Catalogue description Records of the Georgian Theatre, Richmond

This record is held by Georgian Theatre Royal Archives

Details of GTR
Reference: GTR
Title: Records of the Georgian Theatre, Richmond

Letters of application for licences, 1793, 1823, 1824, 1852 (turned down)


Playbills and handbills, 1792-1842


Engravings and prints of artists associated with the Theatre, 18th-19th century


Records of the theatre restoration including minutes of the fund raising trust, photographs, 1959-1963


Programmes, handbills, posters, 1963-2002


Photographs and autographs of royal visitors, 20th century


'Green Books': 7 volumes compiled by the theatre manager containing programmes signed by performers and other papers, 1963-1992

Date: 1792-2002
Held by: Georgian Theatre Royal Archives, not available at The National Archives
Language: English

Georgian Theatre 1788-1807, Richmond, North Riding of Yorkshire

Georgian Theatre Royal, 1807-, Richmond, North Yorkshire

Physical description: 30 boxes, 7 volumes
Access conditions:


  • Butler, Samuel, d 1812, theatre actor manager
  • Butler family of Richmond, North Riding of Yorkshire
  • Richmond, North Riding of Yorkshire
  • Theatre
Administrative / biographical background:

The Georgian Theatre Royal is one of the most important theatres in Britain as it is the most authentic public 18th century theatre in existence. Its unique feature is that it has the Georgian proscenium with two side doors surmounted by balconies. The proscenium with its doors and balconies intervening between the stage proper and the audience enabled actors to enter either through the scenery onto the main stage or by the proscenium doors onto the forestage.


The Theatre (formally known as the Theatre Royal from 1807) was built by an excellent actor manager, Samuel Butler, in 1788. He created a circuit of five theatres within a 50 mile radius of Richmond which were all owned and operated by the Butler family. The Theatre prospered and some of our greatest actors, in particular Edmund Kean and Macready, performed here. Samuel Butler died in 1812 but his son and daughter administered the Theatre with the second Mrs Butler as manageress. The family continued to run the theatre until 1830 by which time theatre everywhere was losing its attraction. The Theatre went into decline and performances ceased altogether in 1842. Thereafter it was used as a corn chandler, a furniture store, an auction room and in World War II as a waste paper depot.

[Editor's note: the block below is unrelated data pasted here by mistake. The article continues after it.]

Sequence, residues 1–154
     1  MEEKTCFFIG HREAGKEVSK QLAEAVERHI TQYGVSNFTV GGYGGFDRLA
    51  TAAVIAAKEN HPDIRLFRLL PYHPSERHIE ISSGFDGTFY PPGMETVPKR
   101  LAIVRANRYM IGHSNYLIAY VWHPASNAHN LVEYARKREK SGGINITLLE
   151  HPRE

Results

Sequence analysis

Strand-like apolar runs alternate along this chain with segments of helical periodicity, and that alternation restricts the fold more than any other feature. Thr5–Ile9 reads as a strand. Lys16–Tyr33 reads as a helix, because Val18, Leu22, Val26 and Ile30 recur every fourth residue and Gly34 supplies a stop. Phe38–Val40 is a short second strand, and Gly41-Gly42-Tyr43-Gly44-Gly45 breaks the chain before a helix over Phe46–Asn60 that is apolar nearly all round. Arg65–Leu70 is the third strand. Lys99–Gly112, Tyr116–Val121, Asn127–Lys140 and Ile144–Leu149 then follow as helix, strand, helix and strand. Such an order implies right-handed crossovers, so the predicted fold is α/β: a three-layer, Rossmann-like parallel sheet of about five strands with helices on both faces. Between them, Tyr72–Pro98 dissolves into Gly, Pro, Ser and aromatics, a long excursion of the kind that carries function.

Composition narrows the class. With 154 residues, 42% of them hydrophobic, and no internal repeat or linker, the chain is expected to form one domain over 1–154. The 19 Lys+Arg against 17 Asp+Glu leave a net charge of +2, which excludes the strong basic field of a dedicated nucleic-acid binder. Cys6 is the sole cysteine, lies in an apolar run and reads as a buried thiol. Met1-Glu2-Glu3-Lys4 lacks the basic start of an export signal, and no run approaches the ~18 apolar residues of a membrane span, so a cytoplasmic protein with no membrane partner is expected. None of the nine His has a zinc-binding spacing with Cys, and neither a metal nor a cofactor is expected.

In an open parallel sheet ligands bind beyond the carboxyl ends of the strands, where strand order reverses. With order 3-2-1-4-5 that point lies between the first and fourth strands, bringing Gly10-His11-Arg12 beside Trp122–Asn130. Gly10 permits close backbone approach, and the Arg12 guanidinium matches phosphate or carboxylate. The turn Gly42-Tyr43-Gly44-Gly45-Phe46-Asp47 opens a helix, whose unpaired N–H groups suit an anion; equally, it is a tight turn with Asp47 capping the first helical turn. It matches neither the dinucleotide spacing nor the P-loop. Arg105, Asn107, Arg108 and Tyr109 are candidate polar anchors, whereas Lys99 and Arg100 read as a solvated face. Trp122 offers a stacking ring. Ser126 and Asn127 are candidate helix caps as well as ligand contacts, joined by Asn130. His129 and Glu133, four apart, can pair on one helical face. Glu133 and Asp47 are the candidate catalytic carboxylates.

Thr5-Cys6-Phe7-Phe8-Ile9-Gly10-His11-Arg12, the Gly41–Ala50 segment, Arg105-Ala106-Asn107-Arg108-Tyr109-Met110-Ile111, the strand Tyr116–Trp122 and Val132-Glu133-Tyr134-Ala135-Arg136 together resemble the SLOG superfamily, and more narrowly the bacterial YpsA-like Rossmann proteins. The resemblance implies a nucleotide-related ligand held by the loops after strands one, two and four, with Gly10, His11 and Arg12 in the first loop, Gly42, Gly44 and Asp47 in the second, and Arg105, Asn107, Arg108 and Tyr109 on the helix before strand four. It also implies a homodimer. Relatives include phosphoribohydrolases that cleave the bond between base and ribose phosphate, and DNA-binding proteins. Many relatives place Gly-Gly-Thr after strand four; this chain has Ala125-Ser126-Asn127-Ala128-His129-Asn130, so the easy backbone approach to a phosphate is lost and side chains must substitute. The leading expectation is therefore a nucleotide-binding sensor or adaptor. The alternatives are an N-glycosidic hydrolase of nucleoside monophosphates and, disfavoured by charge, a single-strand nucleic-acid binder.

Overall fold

In the 1930s little was known of its history and the first person to become interested was Edwin Bush, the history master at Richmond Grammar School. The further researches of theatre historian Dr Richard Southern and Sybil Rosenfeld proved the enormous importance of the building. Much publicity was gained through the work of David Brooks who became Town Clerk of Richmond in 1942. It was he who brought the Theatre to the attention of Lady Dugdale (later Lady Crathorne), who became the driving force behind the efforts, both physical and financial, towards the restoration of the Theatre. It was officially re-opened on 6 May 1963 by the Princess Royal. It closed on 5 January 2002 for a major restoration, partially funded by the Heritage Lottery Fund and is due to re-open in May 2003. Its president is Dame Judi Dench. The Theatre museum, the first of its kind in the country, was opened by Richard Baker in 1979 and in 1996, with the help of the Heritage Lottery Fund, new premises for the museum were constructed. It houses the oldest surviving complete set of painted scenery in Britain, consisting of eight wing flats and a backdrop from George Rivers Higgins' scene painting workshop in Royston, dating from 1836.

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